Quaternary paleoenvironments - methods



What is dendrochronology?

tree rings
Dendrochronology (also called tree-ring dating or tree ring analyses) is a method of precise age determination of wooden material. The term "dendrochronology" comes from the greek and consits of "déndron"=tree, "chró;nos"=time and "ló;gos"=teaching. Dendrochronology deals therefore with trees and allows to establish tree-ring chronologies as bases for absolute (calendar year) dating.

The principle of dendrochronology

In temperate regions trees form a growth ring per year. Dendrochronology is based on the fact that characteristics of tree rings (ring width or ring density) reflect the environmental conditions during the growing period. A cross section from a tree therefore shows an irregular sequence of wide and narrow rings. This pattern or "finger print" is the same for trees growing at the same time and in the same region (e.g. larch trees at the alpine timberline).

The age of a tree can be determined by counting the tree rings, and if the year of the death of the tree is known, the year in which each ring was formed can be dated in calendar years. If you have a living tree with 350 tree rings and you analyse the tree rings, you can determine very recent events like climate variations or geomorphological events.

If you want to date events that occured many hundreds or thousand years ago, you have to establish extended tree-ring chronologies. This is only possible, if you have tree-ring series from a lot of trees with differnt ages from the same region and the same tree species. The following figure shows, how to construct long tree ring-chronologies with the so called cross dating method.

Principle of cross dating chart

1 - In the principle of cross dating, you must first establish a tree-ring chronology using cores of living trees. If the inner rings of the living trees of known ages match with the outer rings of beams from an old building, the rings of the beams of unknown age are dated. The chronology is now extended further back in time. With this chronology you can date wood found in glacier forefields in the same way. Finally, wood that comes from peatbogs can be dated using the chronology constructed from the other sites.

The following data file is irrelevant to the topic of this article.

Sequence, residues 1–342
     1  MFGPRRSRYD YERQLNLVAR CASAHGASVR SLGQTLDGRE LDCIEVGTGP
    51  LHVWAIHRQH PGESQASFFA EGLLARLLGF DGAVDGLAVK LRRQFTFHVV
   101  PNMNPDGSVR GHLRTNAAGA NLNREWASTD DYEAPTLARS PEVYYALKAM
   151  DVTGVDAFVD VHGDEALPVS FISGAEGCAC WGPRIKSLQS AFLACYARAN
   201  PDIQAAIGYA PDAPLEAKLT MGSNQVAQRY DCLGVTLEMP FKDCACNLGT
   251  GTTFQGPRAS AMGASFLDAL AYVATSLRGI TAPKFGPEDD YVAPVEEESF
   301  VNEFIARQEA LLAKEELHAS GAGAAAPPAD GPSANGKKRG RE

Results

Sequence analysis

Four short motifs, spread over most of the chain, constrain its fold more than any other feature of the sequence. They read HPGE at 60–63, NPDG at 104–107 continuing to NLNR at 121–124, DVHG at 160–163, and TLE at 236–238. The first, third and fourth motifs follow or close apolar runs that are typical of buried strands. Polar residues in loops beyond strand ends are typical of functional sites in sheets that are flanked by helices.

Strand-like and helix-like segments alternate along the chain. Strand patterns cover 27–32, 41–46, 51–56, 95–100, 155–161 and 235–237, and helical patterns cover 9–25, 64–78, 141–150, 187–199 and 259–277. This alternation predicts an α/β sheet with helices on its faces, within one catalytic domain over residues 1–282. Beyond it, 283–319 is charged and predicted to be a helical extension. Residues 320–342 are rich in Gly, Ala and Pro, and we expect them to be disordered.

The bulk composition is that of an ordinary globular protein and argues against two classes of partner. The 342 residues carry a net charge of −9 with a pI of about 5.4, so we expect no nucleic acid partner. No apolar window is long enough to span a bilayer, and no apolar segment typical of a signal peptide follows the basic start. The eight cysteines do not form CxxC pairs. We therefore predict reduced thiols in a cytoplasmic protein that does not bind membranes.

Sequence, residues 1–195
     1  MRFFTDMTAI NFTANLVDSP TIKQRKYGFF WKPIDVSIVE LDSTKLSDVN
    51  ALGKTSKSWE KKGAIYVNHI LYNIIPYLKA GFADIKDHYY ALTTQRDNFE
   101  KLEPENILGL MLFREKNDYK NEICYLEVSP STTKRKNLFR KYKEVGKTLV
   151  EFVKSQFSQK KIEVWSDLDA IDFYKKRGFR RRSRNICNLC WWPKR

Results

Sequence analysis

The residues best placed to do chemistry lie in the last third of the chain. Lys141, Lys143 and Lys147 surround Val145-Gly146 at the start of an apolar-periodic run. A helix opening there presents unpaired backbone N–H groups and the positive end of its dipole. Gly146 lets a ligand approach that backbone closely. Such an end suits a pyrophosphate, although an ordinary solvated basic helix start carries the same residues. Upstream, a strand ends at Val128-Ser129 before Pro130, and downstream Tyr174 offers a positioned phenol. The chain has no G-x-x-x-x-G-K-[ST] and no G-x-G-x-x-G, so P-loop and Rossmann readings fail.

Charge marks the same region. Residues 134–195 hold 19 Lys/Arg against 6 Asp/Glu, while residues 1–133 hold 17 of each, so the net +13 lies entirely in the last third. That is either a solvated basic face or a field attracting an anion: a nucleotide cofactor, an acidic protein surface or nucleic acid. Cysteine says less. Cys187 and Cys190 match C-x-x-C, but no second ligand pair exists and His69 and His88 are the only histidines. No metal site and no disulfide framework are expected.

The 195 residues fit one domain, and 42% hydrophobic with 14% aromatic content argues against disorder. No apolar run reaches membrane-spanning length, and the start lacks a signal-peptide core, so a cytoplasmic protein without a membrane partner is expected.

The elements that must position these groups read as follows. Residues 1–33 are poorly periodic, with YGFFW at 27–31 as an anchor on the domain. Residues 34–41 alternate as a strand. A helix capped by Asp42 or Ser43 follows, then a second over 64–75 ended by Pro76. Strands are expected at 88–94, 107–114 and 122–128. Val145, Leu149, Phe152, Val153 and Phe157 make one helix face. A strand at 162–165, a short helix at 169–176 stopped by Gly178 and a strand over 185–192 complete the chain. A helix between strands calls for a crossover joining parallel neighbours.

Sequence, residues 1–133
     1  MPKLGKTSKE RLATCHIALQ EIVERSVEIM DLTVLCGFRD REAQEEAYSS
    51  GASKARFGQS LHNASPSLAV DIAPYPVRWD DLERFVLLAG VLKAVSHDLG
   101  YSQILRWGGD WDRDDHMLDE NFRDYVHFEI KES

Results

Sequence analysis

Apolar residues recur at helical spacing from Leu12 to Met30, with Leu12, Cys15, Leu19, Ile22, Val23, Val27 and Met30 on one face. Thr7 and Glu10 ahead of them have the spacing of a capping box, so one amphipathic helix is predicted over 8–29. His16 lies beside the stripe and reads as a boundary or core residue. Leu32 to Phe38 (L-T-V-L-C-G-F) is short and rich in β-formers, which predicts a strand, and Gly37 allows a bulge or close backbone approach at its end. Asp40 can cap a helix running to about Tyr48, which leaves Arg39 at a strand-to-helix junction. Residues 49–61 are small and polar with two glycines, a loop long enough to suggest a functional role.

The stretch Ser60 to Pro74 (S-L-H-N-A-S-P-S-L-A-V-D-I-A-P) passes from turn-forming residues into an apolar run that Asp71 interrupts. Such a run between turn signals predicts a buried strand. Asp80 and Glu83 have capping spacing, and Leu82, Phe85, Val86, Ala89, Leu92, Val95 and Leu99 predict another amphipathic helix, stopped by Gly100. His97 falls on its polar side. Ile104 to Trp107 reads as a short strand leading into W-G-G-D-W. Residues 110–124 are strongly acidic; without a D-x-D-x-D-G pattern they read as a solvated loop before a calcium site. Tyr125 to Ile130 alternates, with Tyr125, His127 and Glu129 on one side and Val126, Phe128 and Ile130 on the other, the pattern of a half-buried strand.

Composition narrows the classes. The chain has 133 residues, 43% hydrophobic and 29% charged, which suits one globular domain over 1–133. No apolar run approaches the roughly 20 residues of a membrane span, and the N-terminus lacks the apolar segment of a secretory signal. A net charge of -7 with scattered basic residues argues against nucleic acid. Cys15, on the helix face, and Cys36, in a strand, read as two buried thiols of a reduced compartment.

Common methods of analysing tree rings

Skeleton plot

This method of tree-ring analyses was used from dendrochronologist before any actual measurements are made. On a paper with mm divisions only the characteristically narrow and/or wide rings (negative and/or positive event years) are recorded as they occured in time. The width of each ring is compared with the precedent rings. If the analysed ring is narrower or wider than its heighbours, a long vertical line is drawn. If the ring is only slightly narrower or wider, a shorter line must be drawn. A tree ring time serie build up in this way is called a skeleton plot. By cross dating of skelton plots with differnt age you can establish master chronologies which can be used for dating. The method of skelton plot primary is used to obtain quickly an amount of information (years with extreme climate conditions, slope movements, attack by insects, fire, scars resulting by rock falls, etc).

Skeleton plot

2 - Example of a skeleton plot from a core of a Larix decidua (larch)


The measurement of tree-ring width